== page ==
We are currently designing and building a new experimental apparatus to study highly excited Erbium atoms. For this, we will implement a Tweezer array for Rydberg atoms of Erbium for Quantum Simulation (T-REQS).
Using our strong experience from the ERBIUM and the RARE experiment, we will set up a a similar apparatus exploiting a transversal cooling chamber, Zeeman-slower, and a main chamber with a 5-beam MOT. The main chamber will also feature a versatile electric-field control to provide precise control over the Rydberg atoms. Using a high-resolution objective, we will implement arbitrary arrays of optical tweezers to trap single atoms and study their behaviour when excited to Rydberg states.
Rydberg states in multi-electron atoms
Rydberg atoms are well-known for their exaggerated properties, especially their strong long-range interaction due to their extremely large dipole moment. In recent years, tremendous progress has been made, in both experimental as well as theoretical work, in studying their properties and first applications for quantum simulation. However, most of these studies concentrate on single- or two-electron systems like alkali, alkaline-earth or alkaline-earth-like atomic species. We will extent the studies to a new class of atomic complexity by investigating the multi-electron atom erbium.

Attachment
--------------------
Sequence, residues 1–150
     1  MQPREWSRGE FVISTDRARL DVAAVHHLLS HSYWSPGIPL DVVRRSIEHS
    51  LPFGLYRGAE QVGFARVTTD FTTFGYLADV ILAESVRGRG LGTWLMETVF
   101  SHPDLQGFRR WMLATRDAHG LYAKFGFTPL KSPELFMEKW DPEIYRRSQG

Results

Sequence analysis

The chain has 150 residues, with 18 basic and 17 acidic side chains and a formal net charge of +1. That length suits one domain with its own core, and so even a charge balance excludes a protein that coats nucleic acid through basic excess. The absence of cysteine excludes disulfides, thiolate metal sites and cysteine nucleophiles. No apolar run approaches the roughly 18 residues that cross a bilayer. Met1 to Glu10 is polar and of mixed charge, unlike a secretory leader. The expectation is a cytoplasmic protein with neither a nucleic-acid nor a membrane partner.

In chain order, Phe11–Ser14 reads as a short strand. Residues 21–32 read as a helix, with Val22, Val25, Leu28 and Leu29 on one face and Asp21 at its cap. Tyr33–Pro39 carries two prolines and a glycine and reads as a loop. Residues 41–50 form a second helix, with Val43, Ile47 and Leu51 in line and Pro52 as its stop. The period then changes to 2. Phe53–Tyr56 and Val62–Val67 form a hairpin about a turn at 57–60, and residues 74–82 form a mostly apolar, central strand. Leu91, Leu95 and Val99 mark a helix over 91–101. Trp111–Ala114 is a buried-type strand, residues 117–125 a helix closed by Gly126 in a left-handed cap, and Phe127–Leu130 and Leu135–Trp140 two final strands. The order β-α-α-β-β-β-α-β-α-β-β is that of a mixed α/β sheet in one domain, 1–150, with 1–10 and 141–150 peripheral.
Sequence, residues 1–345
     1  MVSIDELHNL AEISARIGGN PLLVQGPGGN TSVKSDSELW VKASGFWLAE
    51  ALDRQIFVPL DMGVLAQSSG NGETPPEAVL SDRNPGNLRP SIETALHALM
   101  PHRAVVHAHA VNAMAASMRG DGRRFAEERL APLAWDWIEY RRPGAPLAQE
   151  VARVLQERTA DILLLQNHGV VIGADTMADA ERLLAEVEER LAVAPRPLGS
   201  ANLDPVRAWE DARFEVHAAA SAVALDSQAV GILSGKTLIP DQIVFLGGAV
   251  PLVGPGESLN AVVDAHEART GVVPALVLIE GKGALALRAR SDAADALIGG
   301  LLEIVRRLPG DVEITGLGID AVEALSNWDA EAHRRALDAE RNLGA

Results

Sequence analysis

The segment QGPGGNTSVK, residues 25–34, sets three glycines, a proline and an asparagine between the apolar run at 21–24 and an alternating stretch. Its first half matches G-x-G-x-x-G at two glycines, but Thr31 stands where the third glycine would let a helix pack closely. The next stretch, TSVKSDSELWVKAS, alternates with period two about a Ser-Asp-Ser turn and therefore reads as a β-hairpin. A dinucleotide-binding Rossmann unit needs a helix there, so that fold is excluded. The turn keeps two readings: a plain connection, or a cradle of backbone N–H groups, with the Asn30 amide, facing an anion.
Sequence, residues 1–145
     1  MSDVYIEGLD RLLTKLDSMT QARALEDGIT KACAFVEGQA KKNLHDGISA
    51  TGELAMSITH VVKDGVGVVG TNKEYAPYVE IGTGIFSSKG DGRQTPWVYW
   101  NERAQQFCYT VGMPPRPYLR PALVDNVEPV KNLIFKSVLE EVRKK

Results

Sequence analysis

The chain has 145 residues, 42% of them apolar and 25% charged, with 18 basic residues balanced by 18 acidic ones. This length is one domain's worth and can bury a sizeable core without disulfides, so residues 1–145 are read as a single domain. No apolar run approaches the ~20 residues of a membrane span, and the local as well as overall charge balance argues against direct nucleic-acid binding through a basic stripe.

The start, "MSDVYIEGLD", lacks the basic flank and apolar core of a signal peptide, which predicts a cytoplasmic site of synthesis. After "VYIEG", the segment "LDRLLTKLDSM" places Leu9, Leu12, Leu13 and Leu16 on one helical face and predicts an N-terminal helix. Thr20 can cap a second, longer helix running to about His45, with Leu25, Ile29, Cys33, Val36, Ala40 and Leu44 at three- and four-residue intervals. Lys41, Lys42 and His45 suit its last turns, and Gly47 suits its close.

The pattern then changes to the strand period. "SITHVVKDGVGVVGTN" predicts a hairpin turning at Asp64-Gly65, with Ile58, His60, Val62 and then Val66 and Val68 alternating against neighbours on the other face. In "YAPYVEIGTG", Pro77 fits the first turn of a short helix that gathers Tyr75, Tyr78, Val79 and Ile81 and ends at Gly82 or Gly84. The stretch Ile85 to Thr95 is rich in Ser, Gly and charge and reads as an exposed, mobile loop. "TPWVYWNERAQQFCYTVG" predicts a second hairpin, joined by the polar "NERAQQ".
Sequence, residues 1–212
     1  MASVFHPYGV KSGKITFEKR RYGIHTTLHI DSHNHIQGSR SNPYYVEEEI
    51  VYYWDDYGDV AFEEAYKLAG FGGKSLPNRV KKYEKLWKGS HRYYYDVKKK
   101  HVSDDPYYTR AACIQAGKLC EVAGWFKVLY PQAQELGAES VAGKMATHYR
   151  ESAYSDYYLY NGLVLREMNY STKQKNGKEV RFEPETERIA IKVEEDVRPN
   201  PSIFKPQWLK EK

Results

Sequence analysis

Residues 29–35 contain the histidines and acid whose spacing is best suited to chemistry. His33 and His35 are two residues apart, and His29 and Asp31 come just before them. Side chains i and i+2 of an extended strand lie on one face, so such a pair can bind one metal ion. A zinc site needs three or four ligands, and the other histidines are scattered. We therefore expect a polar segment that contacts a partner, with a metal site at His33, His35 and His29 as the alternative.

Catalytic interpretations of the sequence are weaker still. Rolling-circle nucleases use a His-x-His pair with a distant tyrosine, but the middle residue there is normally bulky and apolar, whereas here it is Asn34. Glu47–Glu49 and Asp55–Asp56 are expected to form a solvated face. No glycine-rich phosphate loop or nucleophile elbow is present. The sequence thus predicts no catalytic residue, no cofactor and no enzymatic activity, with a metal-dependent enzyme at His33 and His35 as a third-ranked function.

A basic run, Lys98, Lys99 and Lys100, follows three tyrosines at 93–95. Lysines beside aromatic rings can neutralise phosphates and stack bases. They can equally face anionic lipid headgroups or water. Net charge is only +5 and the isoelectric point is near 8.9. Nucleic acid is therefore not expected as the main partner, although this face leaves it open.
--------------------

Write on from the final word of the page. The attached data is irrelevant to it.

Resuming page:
Optical tweezer arrays
To control a number of atoms on the single-particle level, we will use strongly-focused laser beams, so-called optical tweezers, to trap single atoms at well-defined positions. Using a spacial light modulator, we can create arbitrary patterns of atoms. Using a sorting algorithm, deterministic filling with a high fidelity is possible. The rich electronic structure of erbium allows to implement different cooling schemes, which provides a perfect starting point for quantum simulations in this system.